He is taking on arguably the most difficult challenge yet of AIB’s ground-breaking ‘The Toughest Trade’ series yet Wexford hurler Lee Chin cannot wait to swap a sliothar for an ice hockey puck next week. The 24-year-old is already no stranger to switching sports, having played senior hurling and football for Wexford and soccer for Wexford Youths. Yet even Chin’s impressive sporting versatility is set to be tested to its limits after he agreed to try ice hockey as part of the third instalment of AIB’s unique sporting trade series. The six foot tall Faythe Harriers star is headed to Canada in a week’s time to immerse himself with the Vancouver Canuck’s ice hockey team for six days.
Lee Chin takes on arguably the toughest 'Toughest Trade'
He is taking on arguably the most difficult challenge yet in ‘The Toughest Trade’ series yet Wexford hurler Lee Chin cannot wait to swap a sliothar for an ice hockey puck next week. The 24-year-old is already no stranger to switching sports, having played senior hurling and football for Wexford and soccer for Wexford Youths. Yet even Chin’s impressive sporting versatility is set to be tested to its limits after he agreed to try ice hockey as part of the third instalment of AIB’s unique sporting trade series. The six foot tall Faythe Harriers star is headed to Canada in a week’s time to immerse himself with the Vancouver Canuck’s ice hockey team for six days.
Compared to the GAA stars who have traded sports in the previous two series - Jackie Tyrrell (baseball), Aaron Kernan (soccer), Aidan O’Shea (American football) and Brendan Maher (cricket) - Chin has the extra challenge of having to learn a whole new form of movement before he starts. “Yes, my biggest challenge is going to be the actual skating. I’ve been practising and can go backwards a bit but not in any clear direction!” he joked. Chin’s only previous experience on ice was the odd social Yuletide skate but early-morning visitors to Wexford’s Winter Wonderland may have spotted him getting in some serious early morning practice last December. “I got in about six or seven times over Christmas. They let me in at 8am on my own before they opened to the public and I practised in all the gear, with the stick and puck,” he explained. “The stick is so long it comes up to my head even when I’m wearing skates and the padding and gear weighs about 15kilos alone.”
Chin was surprised and delighted to actually find a willing coach right in Faythe Harriers, “The first day I went training with a guy from Kilkenny who plays for the Belfast Giants who told me that there was a guy in my GAA club, Damien Roche, who also plays for them. “I knew Damien already but had no idea he was originally from Canada and was an ice hockey player!” Chin admitted. “He moved to Ireland when he was around 10-11 and he’s very good. He gave me massive advice and it was much easier to train with the two lads than on my own. They were a great help to me. I find the skating tough but when I put the puck down and have the stick in my hand it’s easier,” he revealed. “It’s nothing to do with balance or using the stick to hold me up. It’s like, psychologically, it seems to take your mind off the skating and you relax. The guys kept telling me I was too tense. Once I had the stick in hand and went around the rink with a puck I did everything much more naturally.”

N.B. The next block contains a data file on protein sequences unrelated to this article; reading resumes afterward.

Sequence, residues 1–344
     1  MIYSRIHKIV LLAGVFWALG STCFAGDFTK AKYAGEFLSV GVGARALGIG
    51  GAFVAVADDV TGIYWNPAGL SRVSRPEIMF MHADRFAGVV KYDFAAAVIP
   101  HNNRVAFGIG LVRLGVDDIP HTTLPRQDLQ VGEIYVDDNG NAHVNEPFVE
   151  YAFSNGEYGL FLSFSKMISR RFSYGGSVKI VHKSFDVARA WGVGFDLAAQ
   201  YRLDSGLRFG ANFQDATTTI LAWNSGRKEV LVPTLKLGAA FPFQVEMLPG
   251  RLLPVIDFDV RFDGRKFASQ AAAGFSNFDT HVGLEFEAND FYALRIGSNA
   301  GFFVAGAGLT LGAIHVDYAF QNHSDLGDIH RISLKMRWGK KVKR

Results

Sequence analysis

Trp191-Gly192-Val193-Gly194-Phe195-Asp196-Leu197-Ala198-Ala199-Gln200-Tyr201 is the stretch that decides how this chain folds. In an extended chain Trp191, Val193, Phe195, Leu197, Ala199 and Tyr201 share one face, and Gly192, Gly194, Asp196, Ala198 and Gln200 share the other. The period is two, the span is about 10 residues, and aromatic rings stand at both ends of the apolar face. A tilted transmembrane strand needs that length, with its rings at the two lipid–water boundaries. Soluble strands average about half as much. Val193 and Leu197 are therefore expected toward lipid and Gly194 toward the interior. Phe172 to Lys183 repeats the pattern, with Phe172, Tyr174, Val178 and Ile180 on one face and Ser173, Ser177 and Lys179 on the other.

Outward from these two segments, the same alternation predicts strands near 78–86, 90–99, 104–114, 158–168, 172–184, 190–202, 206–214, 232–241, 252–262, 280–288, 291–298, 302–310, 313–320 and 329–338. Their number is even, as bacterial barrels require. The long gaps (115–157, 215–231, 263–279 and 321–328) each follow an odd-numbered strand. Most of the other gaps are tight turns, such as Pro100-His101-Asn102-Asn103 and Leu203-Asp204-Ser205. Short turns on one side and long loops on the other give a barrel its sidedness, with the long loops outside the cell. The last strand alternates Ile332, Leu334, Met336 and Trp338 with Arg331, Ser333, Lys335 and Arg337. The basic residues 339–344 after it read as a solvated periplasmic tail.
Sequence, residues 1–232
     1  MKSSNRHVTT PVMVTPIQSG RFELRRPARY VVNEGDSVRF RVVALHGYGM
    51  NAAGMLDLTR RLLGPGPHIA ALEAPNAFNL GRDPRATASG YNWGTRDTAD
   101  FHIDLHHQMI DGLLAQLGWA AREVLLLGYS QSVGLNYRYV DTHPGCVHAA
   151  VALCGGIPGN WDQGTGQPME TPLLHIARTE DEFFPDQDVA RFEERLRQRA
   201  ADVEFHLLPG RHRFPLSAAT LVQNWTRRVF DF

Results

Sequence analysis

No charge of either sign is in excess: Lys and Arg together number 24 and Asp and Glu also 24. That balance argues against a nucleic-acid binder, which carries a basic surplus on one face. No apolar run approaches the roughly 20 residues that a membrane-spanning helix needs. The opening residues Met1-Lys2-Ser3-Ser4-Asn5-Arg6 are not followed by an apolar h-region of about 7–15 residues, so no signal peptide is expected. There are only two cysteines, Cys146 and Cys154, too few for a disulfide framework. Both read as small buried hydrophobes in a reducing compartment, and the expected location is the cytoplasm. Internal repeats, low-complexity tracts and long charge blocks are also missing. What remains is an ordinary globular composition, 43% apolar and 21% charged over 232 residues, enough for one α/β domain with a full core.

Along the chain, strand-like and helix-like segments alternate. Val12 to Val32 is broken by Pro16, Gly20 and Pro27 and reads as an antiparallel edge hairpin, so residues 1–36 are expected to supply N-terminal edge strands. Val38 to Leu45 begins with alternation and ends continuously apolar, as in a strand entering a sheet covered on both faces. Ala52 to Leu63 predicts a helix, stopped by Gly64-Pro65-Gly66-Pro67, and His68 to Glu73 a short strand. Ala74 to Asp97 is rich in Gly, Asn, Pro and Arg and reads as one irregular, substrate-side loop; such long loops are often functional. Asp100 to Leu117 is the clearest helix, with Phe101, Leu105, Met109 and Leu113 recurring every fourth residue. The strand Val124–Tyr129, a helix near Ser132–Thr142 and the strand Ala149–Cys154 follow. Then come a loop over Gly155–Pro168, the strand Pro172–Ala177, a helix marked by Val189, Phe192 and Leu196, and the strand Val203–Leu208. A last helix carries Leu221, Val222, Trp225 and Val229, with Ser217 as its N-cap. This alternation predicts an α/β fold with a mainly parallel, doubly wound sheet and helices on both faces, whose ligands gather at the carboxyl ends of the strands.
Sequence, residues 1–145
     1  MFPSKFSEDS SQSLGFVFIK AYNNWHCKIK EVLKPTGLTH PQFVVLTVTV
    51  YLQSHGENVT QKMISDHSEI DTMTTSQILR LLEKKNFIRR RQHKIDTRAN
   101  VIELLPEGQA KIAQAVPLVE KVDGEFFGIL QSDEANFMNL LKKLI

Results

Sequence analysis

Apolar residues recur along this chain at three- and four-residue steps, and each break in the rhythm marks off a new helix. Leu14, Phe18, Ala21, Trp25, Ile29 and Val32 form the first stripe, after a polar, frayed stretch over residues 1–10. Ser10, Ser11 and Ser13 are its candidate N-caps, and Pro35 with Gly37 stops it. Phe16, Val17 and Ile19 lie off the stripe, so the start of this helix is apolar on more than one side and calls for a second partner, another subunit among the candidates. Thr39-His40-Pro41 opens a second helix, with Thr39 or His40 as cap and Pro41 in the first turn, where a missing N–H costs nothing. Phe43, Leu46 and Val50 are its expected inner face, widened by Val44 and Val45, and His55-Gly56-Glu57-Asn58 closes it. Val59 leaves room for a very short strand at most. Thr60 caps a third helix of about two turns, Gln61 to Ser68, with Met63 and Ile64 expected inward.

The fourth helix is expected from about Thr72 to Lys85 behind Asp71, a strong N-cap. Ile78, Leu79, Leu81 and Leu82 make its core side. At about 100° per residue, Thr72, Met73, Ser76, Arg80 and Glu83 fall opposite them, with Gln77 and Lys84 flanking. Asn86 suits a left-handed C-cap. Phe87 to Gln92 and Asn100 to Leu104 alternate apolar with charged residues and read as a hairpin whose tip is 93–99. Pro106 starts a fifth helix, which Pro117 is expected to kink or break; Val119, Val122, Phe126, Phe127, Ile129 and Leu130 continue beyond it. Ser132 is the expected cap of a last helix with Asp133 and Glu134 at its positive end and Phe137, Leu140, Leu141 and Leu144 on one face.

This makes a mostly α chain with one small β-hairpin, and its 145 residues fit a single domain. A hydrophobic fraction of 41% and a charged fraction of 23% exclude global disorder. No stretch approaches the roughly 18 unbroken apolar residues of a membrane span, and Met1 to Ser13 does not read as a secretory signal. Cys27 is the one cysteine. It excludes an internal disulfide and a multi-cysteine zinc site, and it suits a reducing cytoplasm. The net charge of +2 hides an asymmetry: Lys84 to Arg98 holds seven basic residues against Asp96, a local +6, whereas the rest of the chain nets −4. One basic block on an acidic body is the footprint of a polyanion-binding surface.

Chin immediately said yes when we (lucky for us) approached him two months ago because “ever since I was young I’ve loved every sport. Plus when will I ever get a chance to try something like this again?” He was already a huge fan of #TheToughest concept and was glued to the two previous series. “I loved them. It was very exciting, especially the first one, to see a hurler of Jackie Tyrrell’s status taking part. Everyone wanted to see how he got on at baseball and obviously how the guys coming over from other sports would get on in hurling and football. “It’s also given us a great insight into how professional athletes live their lives and I’m really looking forward to that aspect of it in Vancouver.” “I try to do well in anything I do and I’ll be representing Wexford and the GAA over there. I will be doing everything to prove that us GAA players, as athletes, can go into any other sport and compete,” Chin proudly said. “I genuinely believe we’re up there with other top athletes because there are so many attributes in hurling and football – physicality, speed, strength and agility – that you need in most sports. GAA has a combination of all of them.
“I’ve been told ice hockey players only stay on the ice for 30 to 60 seconds at a time. They have rotating subs because it’s such a physically demanding game. “I can’t see it being any more physically demanding than what county hurling and football is these days but this is definitely my chance to find out,” he added. Once he got the invite Chin immediately consulted with new Wexford hurling manager Davy Fitzgerald. “I obviously had to clear it with Davy first because I’m missing a week’s training. He was more than happy to let me proceed once he knew how much preparation needed to go into it and when I was going, and for how long.”
Chin was part of Wexford’s brilliant comeback to beat Limerick in their Division IB opener last weekend and will leave after next weekend’s game against Galway, fitting in this unique sporting swap within the break in the hurling league. “Davy hasn’t mentioned anything about injuries but I think he has the producer well warned!” he quipped. He’s hoping to take part in a full game which should be a real baptism of fire so, what’s the best advice his Canadian counterpart and ex-Canuck star Alex Auld – who has just returned home after spending a week hurling with Faythe Harriers – give him? “The one thing Alex emphasised was to keep my head up while I’m skating. I’ll have to keep one eye on the puck and probably the other eye out for some fella looking to clean me!”